At some point during the year I thought it would be hard to name my three favourite M/M books of the year, but in the end it turned out to be a piece of cake, because these three are in a league of their own. (I’m including my Goodreads reviews for ease of reference.)
No.3 is the deep, dark and lyrical Angels of the Deep by Kirby Crow. This one will stay with me for a long time. So. Much. Pain. I couldn’t breathe when I finished it, it was so heavy. The darkness is not without hope or redemption, but even the comparatively positive ending has an elegiac quality to it. I felt every ounce of the weight of the world that Beck carries on his shoulders.
So why read it? Because all that gravitas is cloaked in an opheliac beauty reminiscent of Rimbaud. Lush, vivid, richly detailed descriptions that engage all the senses. I too rarely come across a modern author who dares and is able to use the whole stunning palette of the English language with such lyrical perfection. (I suspect I would start to read the Income Tax Act if Kirby Crow wrote it.)
Playlist: Nick Cave’s Murder Ballads, Bruckner’s 8th Symphony and Björk’s Dancer in the Dark (and if that doesn’t tell you what to expect, nothing will)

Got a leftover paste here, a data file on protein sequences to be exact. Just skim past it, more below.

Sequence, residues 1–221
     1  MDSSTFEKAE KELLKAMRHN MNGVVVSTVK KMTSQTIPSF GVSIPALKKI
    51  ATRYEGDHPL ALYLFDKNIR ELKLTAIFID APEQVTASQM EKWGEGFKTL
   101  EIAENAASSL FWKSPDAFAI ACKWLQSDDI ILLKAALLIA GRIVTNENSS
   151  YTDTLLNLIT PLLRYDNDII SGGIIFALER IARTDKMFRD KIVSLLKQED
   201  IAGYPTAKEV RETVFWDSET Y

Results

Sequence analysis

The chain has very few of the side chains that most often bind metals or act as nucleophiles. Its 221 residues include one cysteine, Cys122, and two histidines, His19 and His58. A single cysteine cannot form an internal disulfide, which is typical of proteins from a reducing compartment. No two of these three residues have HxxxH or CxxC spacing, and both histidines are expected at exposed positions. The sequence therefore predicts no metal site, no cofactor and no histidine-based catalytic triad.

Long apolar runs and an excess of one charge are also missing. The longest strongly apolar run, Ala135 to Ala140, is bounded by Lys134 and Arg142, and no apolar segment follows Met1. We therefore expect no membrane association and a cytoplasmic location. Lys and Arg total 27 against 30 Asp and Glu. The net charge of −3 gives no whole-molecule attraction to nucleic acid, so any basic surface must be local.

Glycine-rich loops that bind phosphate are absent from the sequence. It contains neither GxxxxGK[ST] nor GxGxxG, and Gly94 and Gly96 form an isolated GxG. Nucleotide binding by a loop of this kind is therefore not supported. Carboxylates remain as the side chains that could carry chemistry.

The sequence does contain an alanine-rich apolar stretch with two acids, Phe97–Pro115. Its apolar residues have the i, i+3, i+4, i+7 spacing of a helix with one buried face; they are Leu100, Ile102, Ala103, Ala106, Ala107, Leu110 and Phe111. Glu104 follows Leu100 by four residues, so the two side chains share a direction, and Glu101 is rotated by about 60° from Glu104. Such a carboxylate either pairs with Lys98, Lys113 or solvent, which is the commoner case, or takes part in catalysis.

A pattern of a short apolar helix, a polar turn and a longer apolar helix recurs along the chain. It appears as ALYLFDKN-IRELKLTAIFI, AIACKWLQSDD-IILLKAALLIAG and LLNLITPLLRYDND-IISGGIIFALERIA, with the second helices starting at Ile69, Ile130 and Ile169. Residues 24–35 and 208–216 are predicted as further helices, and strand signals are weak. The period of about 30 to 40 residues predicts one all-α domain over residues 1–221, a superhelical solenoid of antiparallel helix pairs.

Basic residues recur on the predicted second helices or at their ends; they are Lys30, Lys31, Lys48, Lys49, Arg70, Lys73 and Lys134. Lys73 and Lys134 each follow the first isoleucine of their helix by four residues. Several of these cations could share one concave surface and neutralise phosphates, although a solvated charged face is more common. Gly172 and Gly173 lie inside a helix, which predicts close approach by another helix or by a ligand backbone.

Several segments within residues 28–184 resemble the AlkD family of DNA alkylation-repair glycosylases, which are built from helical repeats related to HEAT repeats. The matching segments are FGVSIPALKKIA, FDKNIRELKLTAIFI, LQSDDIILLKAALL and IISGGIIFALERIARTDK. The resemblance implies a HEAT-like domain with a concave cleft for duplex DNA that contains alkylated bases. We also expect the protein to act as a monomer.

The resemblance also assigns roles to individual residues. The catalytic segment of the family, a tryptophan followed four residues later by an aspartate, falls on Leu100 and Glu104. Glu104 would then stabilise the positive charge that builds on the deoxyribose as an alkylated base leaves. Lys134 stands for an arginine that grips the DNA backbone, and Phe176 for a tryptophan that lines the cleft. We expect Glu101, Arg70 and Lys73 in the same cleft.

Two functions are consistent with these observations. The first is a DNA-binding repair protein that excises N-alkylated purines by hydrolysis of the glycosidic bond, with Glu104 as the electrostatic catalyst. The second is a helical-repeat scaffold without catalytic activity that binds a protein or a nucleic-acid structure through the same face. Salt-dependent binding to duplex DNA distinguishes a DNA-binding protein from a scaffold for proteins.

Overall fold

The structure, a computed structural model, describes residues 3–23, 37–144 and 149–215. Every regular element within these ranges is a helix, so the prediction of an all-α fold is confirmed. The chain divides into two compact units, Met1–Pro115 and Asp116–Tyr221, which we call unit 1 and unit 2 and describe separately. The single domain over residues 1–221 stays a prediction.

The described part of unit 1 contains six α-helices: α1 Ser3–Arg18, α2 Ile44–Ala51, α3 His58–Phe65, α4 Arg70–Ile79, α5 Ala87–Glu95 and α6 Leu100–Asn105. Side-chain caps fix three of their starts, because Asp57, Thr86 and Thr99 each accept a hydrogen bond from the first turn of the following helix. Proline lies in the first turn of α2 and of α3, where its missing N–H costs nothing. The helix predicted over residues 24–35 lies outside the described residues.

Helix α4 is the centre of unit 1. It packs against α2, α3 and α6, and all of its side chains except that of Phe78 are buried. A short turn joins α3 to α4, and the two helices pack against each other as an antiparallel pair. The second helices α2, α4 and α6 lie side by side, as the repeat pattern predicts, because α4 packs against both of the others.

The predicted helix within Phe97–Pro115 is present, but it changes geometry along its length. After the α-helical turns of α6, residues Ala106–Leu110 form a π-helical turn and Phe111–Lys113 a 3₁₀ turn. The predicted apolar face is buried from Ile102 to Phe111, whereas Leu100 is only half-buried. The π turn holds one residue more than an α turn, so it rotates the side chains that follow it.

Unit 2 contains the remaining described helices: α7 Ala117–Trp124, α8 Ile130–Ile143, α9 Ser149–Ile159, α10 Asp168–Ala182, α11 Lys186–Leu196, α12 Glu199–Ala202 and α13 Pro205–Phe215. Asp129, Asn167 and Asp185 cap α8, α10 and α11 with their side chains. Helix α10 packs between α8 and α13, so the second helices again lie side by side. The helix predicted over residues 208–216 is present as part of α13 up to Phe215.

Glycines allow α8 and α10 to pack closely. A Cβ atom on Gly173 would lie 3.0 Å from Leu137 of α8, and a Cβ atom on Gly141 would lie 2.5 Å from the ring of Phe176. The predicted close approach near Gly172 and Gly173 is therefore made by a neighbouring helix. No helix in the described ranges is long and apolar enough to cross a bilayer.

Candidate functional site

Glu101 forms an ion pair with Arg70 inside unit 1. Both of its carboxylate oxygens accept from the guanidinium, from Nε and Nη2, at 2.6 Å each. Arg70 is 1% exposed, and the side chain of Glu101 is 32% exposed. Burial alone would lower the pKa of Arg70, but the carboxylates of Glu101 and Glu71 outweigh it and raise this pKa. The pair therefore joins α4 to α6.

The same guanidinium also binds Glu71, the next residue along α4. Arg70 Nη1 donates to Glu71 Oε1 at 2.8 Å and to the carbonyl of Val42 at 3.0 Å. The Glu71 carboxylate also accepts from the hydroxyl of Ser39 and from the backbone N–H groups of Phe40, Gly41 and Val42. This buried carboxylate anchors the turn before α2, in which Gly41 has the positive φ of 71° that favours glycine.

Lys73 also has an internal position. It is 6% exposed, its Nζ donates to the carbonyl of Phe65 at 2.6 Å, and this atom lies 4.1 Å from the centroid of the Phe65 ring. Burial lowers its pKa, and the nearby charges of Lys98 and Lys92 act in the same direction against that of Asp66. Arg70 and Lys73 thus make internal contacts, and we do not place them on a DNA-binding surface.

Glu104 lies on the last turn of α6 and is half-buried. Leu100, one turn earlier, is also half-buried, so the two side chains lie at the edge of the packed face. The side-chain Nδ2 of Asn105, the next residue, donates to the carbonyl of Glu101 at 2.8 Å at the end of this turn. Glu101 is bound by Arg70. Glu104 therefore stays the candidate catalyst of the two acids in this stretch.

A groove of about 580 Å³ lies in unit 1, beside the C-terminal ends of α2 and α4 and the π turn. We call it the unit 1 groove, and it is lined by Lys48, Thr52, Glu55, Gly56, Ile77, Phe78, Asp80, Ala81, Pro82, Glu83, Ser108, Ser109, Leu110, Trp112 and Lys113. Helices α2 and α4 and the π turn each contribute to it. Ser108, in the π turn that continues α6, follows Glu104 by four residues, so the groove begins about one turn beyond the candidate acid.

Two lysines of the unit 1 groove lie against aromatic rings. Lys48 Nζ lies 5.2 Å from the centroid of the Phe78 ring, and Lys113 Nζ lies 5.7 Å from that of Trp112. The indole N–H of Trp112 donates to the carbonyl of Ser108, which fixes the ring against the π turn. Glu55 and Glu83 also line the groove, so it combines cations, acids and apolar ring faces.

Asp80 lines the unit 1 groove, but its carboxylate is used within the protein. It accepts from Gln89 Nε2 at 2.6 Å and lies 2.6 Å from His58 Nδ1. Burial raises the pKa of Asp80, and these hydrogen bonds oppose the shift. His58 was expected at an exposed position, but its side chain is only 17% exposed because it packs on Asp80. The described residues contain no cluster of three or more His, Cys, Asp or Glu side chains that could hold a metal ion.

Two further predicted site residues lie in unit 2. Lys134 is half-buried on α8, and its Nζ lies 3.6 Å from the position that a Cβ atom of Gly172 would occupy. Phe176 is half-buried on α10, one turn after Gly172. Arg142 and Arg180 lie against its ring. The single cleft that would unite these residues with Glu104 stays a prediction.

No.2 is Dark Soul: The Complete Collection by Aleksander Voinov, who I’m lucky enough to call a friend, and who’s easily my all time favourite M/M author.
Dark Soul is an intense, hot, beautifully crafted ride. I’m glad I waited for the whole collection, because I found this utterly unputdownable.
And, for the record, I’ll never, ever get over the knife/gun play at the beginning. I think my book falls open on page 16. That, incidentally, is also my choice of hottest sex scene 2012.
No.1, Shattered Glass by Dani Alexander, was a dark horse for me, a complete surprise. And it blew me away. The sensuality of it, the irreverence, the edge-of-seat plot, the voice, the dialogues, the emotions that are all the more powerful for their understatement. And I don’t even like first person narrators. Absolute stunner. Go, read it.
If the selection in 2013 is even half as good as those three, we’re in for a brilliant reading year.